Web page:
“Another concussion could lead to neurological issues, permanent memory loss, and personality changes. You’ll be at higher risk of early-onset Alzheimer’s and Parkinson’s disease.” Doc sighs grimly. “I know that football is important to you, Drew, and that you’re a damn good player. But your life is worth more. I’m sorry to deliver this news, but your days on the field are over. I’ll want you back here in a month for another CT so I can see how your brain is recovering.”

He shakes our hands, and then he’s gone, and before I know it, I’m sitting in the passenger seat of my dad’s truck, headed toward my childhood home in the suburbs of Seattle.

“I’ll get another opinion,” I mutter as I close my eyes and will the dizziness away. Christ, being dizzy is the worst.

“That was the second opinion,” Dad reminds me gently. “Drew, switching career tracks when you’re twenty-one isn’t the end of the world.”

“What am I going to do?” I demand. “You and I both know that I was never expected to perform well academically. I’m a jock, the star of the team, and I’m expected to win games. No one gives a shit about my grades. I’ll have a degree in business, but I couldn’t even tell you how to fill out a spreadsheet. It’s a joke.”

“You can coach.”

I scoff at that and turn my face to the window so he doesn’t see the tears in my eyes.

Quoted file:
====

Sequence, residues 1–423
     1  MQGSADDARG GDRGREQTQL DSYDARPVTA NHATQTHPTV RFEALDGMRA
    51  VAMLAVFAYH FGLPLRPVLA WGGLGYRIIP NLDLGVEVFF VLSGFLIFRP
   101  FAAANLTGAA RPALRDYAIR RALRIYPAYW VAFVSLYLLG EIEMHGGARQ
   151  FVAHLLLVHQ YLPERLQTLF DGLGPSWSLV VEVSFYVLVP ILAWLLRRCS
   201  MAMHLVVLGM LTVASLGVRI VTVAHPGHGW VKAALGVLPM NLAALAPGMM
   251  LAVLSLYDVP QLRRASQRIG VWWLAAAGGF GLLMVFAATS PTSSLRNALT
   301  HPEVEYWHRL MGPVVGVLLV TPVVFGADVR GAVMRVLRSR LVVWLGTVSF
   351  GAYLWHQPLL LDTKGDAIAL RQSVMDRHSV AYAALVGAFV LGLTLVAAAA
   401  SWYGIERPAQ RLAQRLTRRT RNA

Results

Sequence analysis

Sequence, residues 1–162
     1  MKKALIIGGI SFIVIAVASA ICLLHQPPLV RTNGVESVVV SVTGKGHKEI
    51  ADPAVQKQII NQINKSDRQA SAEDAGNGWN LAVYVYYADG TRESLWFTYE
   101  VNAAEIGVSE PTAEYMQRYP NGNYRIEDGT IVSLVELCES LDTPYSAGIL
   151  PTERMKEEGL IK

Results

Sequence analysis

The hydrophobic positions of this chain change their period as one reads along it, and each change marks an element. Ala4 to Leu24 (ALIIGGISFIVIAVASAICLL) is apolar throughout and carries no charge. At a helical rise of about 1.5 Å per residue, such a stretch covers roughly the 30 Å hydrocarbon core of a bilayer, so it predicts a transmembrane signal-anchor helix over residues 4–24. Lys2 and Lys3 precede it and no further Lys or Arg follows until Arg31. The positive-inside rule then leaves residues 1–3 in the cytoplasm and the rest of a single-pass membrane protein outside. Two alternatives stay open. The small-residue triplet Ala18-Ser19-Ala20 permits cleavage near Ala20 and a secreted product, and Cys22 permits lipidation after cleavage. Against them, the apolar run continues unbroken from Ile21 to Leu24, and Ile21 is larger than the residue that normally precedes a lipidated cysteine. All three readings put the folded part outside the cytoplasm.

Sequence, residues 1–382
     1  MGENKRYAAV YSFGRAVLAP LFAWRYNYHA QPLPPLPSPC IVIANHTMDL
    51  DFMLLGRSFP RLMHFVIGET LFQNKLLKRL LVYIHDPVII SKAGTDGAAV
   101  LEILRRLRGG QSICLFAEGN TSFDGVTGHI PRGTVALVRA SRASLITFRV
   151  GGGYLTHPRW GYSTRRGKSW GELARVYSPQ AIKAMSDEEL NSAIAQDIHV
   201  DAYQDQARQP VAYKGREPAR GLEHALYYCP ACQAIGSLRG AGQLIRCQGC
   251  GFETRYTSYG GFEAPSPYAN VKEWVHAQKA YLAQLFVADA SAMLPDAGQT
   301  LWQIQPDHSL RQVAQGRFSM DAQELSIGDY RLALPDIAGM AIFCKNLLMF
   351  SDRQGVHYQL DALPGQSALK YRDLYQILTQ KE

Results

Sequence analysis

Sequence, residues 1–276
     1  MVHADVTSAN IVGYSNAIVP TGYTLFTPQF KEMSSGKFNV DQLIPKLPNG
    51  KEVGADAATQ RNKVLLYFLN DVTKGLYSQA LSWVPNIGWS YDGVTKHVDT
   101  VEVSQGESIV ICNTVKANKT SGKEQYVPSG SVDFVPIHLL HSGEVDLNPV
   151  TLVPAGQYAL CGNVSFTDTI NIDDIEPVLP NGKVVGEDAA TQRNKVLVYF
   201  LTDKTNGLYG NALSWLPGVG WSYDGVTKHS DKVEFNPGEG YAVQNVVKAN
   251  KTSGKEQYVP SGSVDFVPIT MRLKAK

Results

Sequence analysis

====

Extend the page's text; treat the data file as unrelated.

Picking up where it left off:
“I can’t coach quarterbacks. Not when I want to be doing what they are. When I know that I’m better than they are.”

“Well, your ego is healthy.” Dad reaches out and pats my leg. “You get that from me. Look, sometimes the right choice isn’t the one we think we want to make. Leaving the SEALs fucking sucked for me. I didn’t want to do it. I didn’t know anything else, and I liked my job. Sure, it was hard, but I was good at it.”

“Then why did you?”

I look over in time to see him swallow hard.

“You never told me why you left the SEALs.”

“Injuries.” He shrugs. “And I was getting older. I’d seen a lot of shit, and it messed me up in the head some. Coming home was the right thing, and then I met your mom and your sisters, and I knew that it was the way my life was supposed to go.”